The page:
I constantly get questions about Dance Daughters going on pointe.
When should my daughter begin pointe? Sound familiar?
There’s a dance educator that I love by the name of Victoria Leigh. She’s amazing at providing a forum for dance parents to get answers quickly from educated sources that know what they’re talking about. She runs a forum called Ballet Talk for Dancers that is just AMAZING. Make sure to check it out! There, she posted on the topic and I thought I’d share such a strong and accurate post!
I hope this helps you on your journey!
THINGS TO KNOW ABOUT GOING ON POINTE
By Victoria Leigh of Ballet Talk for Dancers
1. Pointe work is NOT for everyone, regardless of how long they study and how old they are.
2. Taking ballet for 5 years or 15 years or 30 years does not mean that you are well trained enough or have the physical facility to dance on pointe. Some people have had ballet “training” (and that is in quotes because there are, unfortunately, still thousands of schools in this country who hold ballet classes, but have no idea of what ballet training really is) for 10 years, once a week. Others have had 3 or 4 years, but many more classes per week. Which one will be more advanced? This is not a trick question. It depends on the training, however, it is more likely that the one with 3 or 4 years will be more advanced because the kinds of schools who even have once a week classes are not teaching ballet properly.
3. In a properly graded school with teachers who know what they are doing, students who have the potential to progress to the pointe level will be encouraged into at least 3 one hour and a half classes a week by the time they reach the age of 10 or 11 and have had 2 to 4 years of training. Pointe work would begin for these students as they arrive at the age of 12 or older and have at least 3 years of training.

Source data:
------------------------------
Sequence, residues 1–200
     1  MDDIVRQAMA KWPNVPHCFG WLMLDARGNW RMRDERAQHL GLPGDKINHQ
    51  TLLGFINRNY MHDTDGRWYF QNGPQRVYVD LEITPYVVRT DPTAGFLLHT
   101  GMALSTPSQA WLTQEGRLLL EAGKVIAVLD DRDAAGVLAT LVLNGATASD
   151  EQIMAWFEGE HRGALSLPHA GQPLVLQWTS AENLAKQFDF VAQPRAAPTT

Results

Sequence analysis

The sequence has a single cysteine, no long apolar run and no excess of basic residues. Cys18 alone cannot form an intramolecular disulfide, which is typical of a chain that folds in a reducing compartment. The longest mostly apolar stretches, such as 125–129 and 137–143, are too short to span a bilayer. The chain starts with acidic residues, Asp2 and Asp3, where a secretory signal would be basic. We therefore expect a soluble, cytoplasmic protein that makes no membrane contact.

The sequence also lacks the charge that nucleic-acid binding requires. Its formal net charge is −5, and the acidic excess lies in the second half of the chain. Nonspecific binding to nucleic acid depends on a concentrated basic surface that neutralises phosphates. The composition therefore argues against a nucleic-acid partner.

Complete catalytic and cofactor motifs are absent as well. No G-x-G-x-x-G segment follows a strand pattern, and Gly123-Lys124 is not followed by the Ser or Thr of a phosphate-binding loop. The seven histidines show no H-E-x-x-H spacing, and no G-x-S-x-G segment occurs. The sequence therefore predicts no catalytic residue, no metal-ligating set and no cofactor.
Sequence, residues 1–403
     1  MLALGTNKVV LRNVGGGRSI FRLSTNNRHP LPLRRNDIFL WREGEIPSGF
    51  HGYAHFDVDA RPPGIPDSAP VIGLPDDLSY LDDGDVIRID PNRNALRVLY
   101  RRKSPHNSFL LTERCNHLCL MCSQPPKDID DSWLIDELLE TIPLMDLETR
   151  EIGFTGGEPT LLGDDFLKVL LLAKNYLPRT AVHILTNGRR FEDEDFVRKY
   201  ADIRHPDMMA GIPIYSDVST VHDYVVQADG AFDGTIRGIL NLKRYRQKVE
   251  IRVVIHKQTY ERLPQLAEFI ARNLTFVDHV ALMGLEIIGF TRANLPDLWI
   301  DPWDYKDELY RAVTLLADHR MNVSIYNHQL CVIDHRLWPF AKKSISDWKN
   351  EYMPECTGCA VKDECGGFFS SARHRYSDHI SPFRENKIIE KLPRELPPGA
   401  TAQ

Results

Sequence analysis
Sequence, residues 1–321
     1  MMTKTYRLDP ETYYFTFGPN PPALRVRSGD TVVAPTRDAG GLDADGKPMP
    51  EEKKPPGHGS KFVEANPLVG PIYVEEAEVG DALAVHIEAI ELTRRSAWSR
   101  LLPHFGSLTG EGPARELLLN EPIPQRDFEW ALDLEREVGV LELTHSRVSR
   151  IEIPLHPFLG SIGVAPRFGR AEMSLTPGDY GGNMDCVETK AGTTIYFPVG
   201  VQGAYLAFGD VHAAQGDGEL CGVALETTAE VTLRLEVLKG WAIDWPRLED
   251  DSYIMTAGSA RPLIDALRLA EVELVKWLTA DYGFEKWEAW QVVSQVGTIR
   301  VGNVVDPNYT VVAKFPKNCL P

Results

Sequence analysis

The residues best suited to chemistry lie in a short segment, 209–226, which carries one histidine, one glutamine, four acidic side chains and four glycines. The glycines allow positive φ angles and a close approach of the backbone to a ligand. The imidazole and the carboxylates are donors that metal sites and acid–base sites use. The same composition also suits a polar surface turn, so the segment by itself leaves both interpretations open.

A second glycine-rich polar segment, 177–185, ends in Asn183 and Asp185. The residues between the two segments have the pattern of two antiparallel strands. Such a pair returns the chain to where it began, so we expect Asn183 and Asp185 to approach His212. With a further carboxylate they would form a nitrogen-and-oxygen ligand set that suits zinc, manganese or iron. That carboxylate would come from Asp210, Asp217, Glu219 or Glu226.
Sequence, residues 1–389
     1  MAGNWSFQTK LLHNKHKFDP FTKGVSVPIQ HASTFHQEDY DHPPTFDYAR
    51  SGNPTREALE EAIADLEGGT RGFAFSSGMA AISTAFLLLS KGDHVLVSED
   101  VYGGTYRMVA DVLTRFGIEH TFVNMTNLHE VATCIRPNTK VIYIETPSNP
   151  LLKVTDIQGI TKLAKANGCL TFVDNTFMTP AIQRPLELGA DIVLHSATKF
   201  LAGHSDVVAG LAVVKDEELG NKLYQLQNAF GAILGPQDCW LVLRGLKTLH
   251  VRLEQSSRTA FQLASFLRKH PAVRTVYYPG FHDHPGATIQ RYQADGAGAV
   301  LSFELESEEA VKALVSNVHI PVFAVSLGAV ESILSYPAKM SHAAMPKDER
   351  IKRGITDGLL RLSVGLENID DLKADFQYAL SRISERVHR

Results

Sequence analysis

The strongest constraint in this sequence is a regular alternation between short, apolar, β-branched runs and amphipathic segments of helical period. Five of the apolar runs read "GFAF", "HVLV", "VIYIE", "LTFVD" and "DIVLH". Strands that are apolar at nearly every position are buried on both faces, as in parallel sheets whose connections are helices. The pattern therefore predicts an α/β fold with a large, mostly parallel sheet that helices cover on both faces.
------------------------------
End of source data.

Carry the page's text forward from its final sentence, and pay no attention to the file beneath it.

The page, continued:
4. Students who do not have this potential will probably be kept in a twice a week class and not encouraged to do more.
5. If you are not in a school which has hour and a half technique classes on a daily basis for advanced students, then you are probably not receiving the kind of training that will get you into the profession. Students in a school which has an “advanced” class which meets once or twice a week are living in a dream world. There is no such thing as an advanced dancer who has not had daily intensive training. It is highly unlikely that students taking once a week will ever get past beginner level, and even with twice a week they will not get past low intermediate, if that.
6. If a student has no rotation, poor placement, weak ankles, and especially no instep and arch, then they should not be on pointe. While these things can be improved if worked on early enough and hard enough, when one arrives at full growth and still does not have the physical facility for pointe, then it is probably not going to happen.
7. One can live without dancing on pointe. There are many other avenues open to you in dance, and it is not the end of the world if you cannot become a “ballerina”. Very, very few people can. But there are lots of other dance forms, most of which are more fun, and, while they also require lots of hard work, do not require the same degree of physical perfection that ballet requires. There is also dance history, criticism, dance management, and dance therapy. If you are a wonderful student, then use that – be a doctor and specialize in dance injuries!